Labor history refers to the political , social and legal struggle, working people , in their collective demands for fairer and more humane treatment from their employers and thesocial law. The cultural and philosophical culimation of previous labor struggles are codified as labor rights and labor law.
Working-class people, by definition, have always been those in society whostruggle more to survive, relative to those in who have wealth . The social divide between rich and poor began with civilization , and the attribution of wealth and ownership tends to be intertwined and interchangeable withsocial position. The social divide is analogous to the master and slave relationship, and it is this balance from which springsmuch of the current social order. The social need for administration by an authority by nature had to be balanced by the ruler'sunderstanding of and attention to the needs of his subjects, or a natural social revolt would manifest. Much of this balance between ruler and ruled remained, from Mesopotamian kings to feudalist Lords in Europe , until the European discovery of the New World .
America as the catalyst for worker rights philosophy
Current labor history is generally thought to have its philosophical groundwork in the Protestant Reformation . The birth of the United States , fueled by the corporate -controlled colonization of the Americas ,promised new hope and opportunity for Europeans, and laid the material basis for the development of a new society, based on more egalitarian principles. While the mass immigration of Europeans to Americahad dire consequences for Native Americans , it also fueled the development of new directions in thinking about the governments underwhich people lived. On the simple promise of land ownership for ordinary European peasants, the Americas were quickly colonizedunder the land incentive system.
The rapid philosophical developments in America would have effects in European and Asian societies as well, spawning thedevelopment of communism and socialism , which attempted to address the widespread popular desire of peoples to attempt to change thesocial order in existing well-populated countries —a much different situation than that faced by Europeans in the sparselypopulated New World.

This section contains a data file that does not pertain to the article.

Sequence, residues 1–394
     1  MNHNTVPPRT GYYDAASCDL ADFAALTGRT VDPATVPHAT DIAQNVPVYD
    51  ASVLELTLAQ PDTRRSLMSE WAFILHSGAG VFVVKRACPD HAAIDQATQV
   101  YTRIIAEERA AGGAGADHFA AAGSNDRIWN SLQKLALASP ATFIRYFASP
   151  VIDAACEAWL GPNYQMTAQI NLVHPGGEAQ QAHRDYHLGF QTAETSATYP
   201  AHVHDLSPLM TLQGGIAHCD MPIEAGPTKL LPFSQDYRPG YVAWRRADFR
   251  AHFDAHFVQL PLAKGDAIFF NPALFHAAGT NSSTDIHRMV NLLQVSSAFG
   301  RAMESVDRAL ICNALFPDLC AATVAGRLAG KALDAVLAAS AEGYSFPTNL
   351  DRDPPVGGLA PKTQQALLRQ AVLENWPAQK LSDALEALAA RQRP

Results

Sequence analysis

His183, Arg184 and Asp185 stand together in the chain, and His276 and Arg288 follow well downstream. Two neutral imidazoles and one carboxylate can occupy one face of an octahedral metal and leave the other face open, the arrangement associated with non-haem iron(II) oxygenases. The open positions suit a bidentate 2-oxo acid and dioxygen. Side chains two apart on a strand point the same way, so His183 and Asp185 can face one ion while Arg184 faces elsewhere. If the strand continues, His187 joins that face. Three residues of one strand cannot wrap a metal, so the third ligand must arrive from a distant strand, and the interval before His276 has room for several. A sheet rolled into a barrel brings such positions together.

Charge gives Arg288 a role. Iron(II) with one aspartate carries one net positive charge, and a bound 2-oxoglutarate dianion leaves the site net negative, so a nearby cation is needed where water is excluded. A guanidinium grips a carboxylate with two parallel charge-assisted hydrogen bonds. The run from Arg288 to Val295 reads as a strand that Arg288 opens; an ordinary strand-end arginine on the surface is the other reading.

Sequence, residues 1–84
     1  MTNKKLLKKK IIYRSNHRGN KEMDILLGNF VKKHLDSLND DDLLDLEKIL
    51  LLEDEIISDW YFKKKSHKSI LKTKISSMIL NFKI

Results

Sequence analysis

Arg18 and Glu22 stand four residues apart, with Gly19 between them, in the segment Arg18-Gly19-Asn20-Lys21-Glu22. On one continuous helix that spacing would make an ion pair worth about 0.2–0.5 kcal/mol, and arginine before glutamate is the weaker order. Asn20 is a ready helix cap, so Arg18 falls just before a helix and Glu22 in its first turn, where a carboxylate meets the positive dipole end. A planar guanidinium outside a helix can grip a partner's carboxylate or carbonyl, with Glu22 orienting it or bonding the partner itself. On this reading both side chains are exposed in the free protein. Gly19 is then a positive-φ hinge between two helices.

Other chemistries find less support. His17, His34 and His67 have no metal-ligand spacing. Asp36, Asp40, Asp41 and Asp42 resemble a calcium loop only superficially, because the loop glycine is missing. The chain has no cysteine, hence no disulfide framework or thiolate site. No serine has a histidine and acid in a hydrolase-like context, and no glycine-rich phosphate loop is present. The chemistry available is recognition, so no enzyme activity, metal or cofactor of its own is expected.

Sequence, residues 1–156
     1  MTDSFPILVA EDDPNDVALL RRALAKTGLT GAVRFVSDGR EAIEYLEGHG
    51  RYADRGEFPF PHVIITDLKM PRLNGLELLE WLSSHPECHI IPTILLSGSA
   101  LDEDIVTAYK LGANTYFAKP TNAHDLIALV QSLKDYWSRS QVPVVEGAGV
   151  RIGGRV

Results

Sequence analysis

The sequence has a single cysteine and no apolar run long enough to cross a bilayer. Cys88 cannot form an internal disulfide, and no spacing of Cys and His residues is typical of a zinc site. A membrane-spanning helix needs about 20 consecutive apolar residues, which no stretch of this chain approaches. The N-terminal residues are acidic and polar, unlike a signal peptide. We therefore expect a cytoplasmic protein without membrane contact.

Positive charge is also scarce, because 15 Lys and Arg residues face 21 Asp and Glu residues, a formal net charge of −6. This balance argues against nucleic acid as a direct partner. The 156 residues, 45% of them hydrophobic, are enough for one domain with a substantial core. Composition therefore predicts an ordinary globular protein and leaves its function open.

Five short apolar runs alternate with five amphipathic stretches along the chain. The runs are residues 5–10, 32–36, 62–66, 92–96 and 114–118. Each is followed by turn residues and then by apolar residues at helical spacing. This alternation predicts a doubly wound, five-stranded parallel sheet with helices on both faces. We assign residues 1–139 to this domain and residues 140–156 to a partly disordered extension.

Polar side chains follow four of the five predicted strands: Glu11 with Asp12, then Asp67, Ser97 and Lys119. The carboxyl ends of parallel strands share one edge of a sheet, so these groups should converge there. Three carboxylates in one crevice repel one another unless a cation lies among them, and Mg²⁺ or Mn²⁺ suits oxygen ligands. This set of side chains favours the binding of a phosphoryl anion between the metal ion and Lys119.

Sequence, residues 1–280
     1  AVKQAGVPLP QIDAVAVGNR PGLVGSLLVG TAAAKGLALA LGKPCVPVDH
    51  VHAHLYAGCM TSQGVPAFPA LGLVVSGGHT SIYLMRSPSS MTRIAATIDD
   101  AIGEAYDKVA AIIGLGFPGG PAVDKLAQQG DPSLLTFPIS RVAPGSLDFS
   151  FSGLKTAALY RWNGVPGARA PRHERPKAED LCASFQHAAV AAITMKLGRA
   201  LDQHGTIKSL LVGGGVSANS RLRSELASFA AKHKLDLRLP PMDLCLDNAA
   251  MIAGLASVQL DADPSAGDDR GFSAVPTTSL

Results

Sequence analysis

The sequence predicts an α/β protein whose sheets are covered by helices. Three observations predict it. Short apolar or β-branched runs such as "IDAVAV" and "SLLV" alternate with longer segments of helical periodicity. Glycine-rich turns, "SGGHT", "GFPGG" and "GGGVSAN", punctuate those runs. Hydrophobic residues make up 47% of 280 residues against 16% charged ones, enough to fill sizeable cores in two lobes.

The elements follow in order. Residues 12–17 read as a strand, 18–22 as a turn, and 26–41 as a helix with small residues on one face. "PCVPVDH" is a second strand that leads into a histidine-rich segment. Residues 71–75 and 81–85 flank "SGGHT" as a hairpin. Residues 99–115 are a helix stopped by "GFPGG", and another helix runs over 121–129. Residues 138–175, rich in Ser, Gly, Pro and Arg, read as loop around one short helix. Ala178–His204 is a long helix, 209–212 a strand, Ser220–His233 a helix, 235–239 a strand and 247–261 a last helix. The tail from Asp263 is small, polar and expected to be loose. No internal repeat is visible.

The history of the United States , fromthe point of view of the administrating powers, had always been a delicate balance between the property rights of landlords and the desires of peasantworkers —the Revolutionary War changed only theadministration, not the land-incentive system itself. Soon, as American societies developed, the need for the owner classes to beaccommodating to the working classes diminished, and the same type of socialdivide present in European feudalism, became firmly established in America. With the advent of the Industrial Revolution , came the use of people as mere componentsin the production process, and over time, small and disorganized protests began to coalesce into an ordered defiance to the newcorporate government, who's means and abuses resembled those that caused people to leave Europe.
From slave rights to worker rights
The enslavement of Africans was considered by many to be a humane socialcompromise by landowners with European immigrants --less work meant a more leisurely standard of living for Europeans, and a new race-based ideology , cemented would soothe many of the problematic ethnic dividesbetween European Caucasians . The end of slavery with the Civil War brought about a deep resentment on the part of many Europeans , who prospered at leisure at the expence of African labor.
Workers quickly learn that winning better wages, hours and working conditions depends upon uniting in common cause. Whetherthey choose to organize into guilds, professional associations or Laborunions , working people discover that there is strength in numbers.
Historically, employers have often opposed organizing efforts. Many times blood has been shed for the sake of advancing thecause of union. List of strikes Working people have used a variety oftechniques, or Strike actions , to pursue their goals.
Labor Actions, Historical Tactics
Politics and Philosophy
Mining disasters, etc.
Links to Labor Memorials
In the United States :
Labor Arts, Music, Culture
Labor Arts http://www.laborarts.org/
Art and Music and the Labour Movement http://www.cyberbeach.net/~willows/cupw/local/site/music.htm
Union Songs http://www.crixa.com/muse/unionsong/
The Class Struggle In Art and Music http://beachonline.com/struggle.htm
Working and Union Songs http://www.mcneilmusic.com/wrkunion.html
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